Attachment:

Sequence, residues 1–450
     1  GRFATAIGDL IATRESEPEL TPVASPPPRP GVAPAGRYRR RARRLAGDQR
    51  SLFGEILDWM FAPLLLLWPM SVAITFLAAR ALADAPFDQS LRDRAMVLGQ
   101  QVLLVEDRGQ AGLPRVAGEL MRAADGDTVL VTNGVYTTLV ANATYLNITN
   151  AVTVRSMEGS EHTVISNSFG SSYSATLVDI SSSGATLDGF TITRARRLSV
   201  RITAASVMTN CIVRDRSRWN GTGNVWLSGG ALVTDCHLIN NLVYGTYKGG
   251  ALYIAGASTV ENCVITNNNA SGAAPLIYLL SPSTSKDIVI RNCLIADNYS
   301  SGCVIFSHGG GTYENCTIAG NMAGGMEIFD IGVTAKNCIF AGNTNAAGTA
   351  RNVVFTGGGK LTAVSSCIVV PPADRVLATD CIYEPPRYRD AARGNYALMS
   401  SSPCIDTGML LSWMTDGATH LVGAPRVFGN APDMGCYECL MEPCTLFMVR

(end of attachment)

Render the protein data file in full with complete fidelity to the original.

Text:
Sequence, residues 1–450
     1  GRFATAIGDL IATRESEPEL TPVASPPPRP GVAPAGRYRR RARRLAGDQR
    51  SLFGEILDWM FAPLLLLWPM SVAITFLAAR ALADAPFDQS LRDRAMVLGQ
   101  QVLLVEDRGQ AGLPRVAGEL MRAADGDTVL VTNGVYTTLV ANATYLNITN
   151  AVTVRSMEGS EHTVISNSFG SSYSATLVDI SSSGATLDGF TITRARRLSV
   201  RITAASVMTN CIVRDRSRWN GTGNVWLSGG ALVTDCHLIN NLVYGTYKGG
   251  ALYIAGASTV ENCVITNNNA SGAAPLIYLL SPSTSKDIVI RNCLIADNYS
   301  SGCVIFSHGG GTYENCTIAG NMAGGMEIFD IGVTAKNCIF AGNTNAAGTA
   351  RNVVFTGGGK LTAVSSCIVV PPADRVLATD CIYEPPRYRD AARGNYALMS
   401  SSPCIDTGML LSWMTDGATH LVGAPRVFGN APDMGCYECL MEPCTLFMVR